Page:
Could Reform UK win a London Assembly seat? Or even two?

Could Reform UK win a London Assembly seat? Or even two?

The answers to the headline questions are “yes” and “yes”. Here’s why.

It is because of the relationship between the two separate routes for getting elected to the London Assembly, the 25-seat body that scrutinises the Mayor. That relationship means parties (or individuals) which attract small but not insignificant amounts of support across the capital can win representation at City Hall. It explains how, for example, at the last Assembly elections, held in 2021, the Liberal Democrats ended up with two Assembly seats and, of more specific relevance to Reform UK’s chances this year, how its ancestor the UK Independence Party (UKIP) did the same in 2004 and 2016.

Fourteen of the 25 Assembly members (AMs) are elected through individual First Past The Post (FPTP) contests for geographical constituencies such as Barnet & Camden and South West. The other 11 emerge from a parallel London-wide election held on the same day under a form of Proportional Representation called Modified d’Hondt.

The combination of this and the 14 FPTP constituency elections is called a Mixed Member Proportional system, and its purpose is to ensure through a mathematical formula that the final party composition of the Assembly reflects the degree of support for those parties in London as a whole.

How could Reform UK get on to the Assembly? It almost certainly won’t be by winning any of the 14 constituency seats. However, if they can muster a five per cent share in the London-wide, Modified d’Hondt ballot, they will get a seat that way.

Hence, in the 2008 elections, the far right British National Party won a seat with a 5.24 per cent share but didn’t in 2004 when it got 4.82 per cent. In that same year, the populist right UKIP – I’m making my distinctions carefully here – won its two seats by getting 8.37 per cent, and with just 6.5 per cent when it repeated the feat in 2016.

If we look at the mayoral opinion polls published so far this year, support for Reform UK’s candidate Howard Cox has mostly been at around five per cent, and as high as seven per cent in YouGov’s survey in February. That same YouGov research also measured general election support in London for political parties and put Reform UK level with the Lib Dems and the Greens on ten per cent.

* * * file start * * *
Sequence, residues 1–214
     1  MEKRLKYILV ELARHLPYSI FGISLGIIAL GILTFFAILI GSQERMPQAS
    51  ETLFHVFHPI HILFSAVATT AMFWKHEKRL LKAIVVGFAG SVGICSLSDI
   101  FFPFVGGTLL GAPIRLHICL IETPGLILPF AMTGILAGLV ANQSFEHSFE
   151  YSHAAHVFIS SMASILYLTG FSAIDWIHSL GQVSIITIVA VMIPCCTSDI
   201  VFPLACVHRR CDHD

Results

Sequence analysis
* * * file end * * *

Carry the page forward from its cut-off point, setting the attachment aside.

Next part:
There’s an ongoing debate in polling circles about whether support for Reform UK is being overstated. However, it also looks as if the character of Reform UK’s support is a different from UKIP’s in a way that is worse news for the Tories. Whatever, it’s clear enough that, as things stand, the party is in with a shout of taking one and possibly two Assembly seats through the proportional representation avenue.

Parties enter their London-wide candidates as lists, with the person at the top most likely to get elected and so on. Top of the Reform UK list this year is Alex Wilson, formerly a Tory councillor in Redbridge. Cox is second. They might form a pairing on the Assembly after 2 May, they might both miss out. But one Reform UK winner seems very possible.

Wilson could have a double impact on the final Assembly line-up because he is also his party’s candidate in the Havering & Redbridge Assembly constituency.

UKIP’s candidate finished a clear third there in 2016, taking a tidy bite out of support for Tory candidate Keith Prince, who won with only 1,438 votes to spare over Labour’s contender. With Reform support seemingly at around UKIP 2016 levels and Labour more popular in that part of east London than it has been for a while, the squeeze on Prince this time could be more than he can survive.

Photo of Reform UK supporters campaigning in Ealing from X/Twitter feed of Mark G Simpson. Support and its writers for just £5 a month or £50 a year and get things for your money too. Details HERE. Threads: DaveHillOnLondon. X/Twitter: On London and Dave Hill.

Categories: Analysis

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